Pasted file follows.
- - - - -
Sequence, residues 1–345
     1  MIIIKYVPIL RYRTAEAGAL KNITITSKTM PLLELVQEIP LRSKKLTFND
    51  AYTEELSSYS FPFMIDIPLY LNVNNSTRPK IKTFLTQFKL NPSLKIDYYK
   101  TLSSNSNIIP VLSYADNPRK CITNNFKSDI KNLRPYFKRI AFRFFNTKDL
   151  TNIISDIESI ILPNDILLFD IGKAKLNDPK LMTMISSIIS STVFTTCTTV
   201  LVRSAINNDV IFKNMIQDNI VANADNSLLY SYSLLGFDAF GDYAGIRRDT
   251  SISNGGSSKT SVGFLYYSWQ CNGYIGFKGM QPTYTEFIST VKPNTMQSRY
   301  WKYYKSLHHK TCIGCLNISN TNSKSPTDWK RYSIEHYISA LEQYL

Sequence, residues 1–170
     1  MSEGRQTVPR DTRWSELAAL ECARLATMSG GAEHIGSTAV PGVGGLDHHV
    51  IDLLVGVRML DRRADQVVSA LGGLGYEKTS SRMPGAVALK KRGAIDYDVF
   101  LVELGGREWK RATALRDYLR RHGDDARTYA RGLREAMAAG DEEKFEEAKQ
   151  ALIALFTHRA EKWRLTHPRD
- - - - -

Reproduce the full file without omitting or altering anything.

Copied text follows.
Sequence, residues 1–345
     1  MIIIKYVPIL RYRTAEAGAL KNITITSKTM PLLELVQEIP LRSKKLTFND
    51  AYTEELSSYS FPFMIDIPLY LNVNNSTRPK IKTFLTQFKL NPSLKIDYYK
   101  TLSSNSNIIP VLSYADNPRK CITNNFKSDI KNLRPYFKRI AFRFFNTKDL
   151  TNIISDIESI ILPNDILLFD IGKAKLNDPK LMTMISSIIS STVFTTCTTV
   201  LVRSAINNDV IFKNMIQDNI VANADNSLLY SYSLLGFDAF GDYAGIRRDT
   251  SISNGGSSKT SVGFLYYSWQ CNGYIGFKGM QPTYTEFIST VKPNTMQSRY
   301  WKYYKSLHHK TCIGCLNISN TNSKSPTDWK RYSIEHYISA LEQYL

Sequence, residues 1–170
     1  MSEGRQTVPR DTRWSELAAL ECARLATMSG GAEHIGSTAV PGVGGLDHHV
    51  IDLLVGVRML DRRADQVVSA LGGLGYEKTS SRMPGAVALK KRGAIDYDVF
   101  LVELGGREWK RATALRDYLR RHGDDARTYA RGLREAMAAG DEEKFEEAKQ
   151  ALIALFTHRA EKWRLTHPRD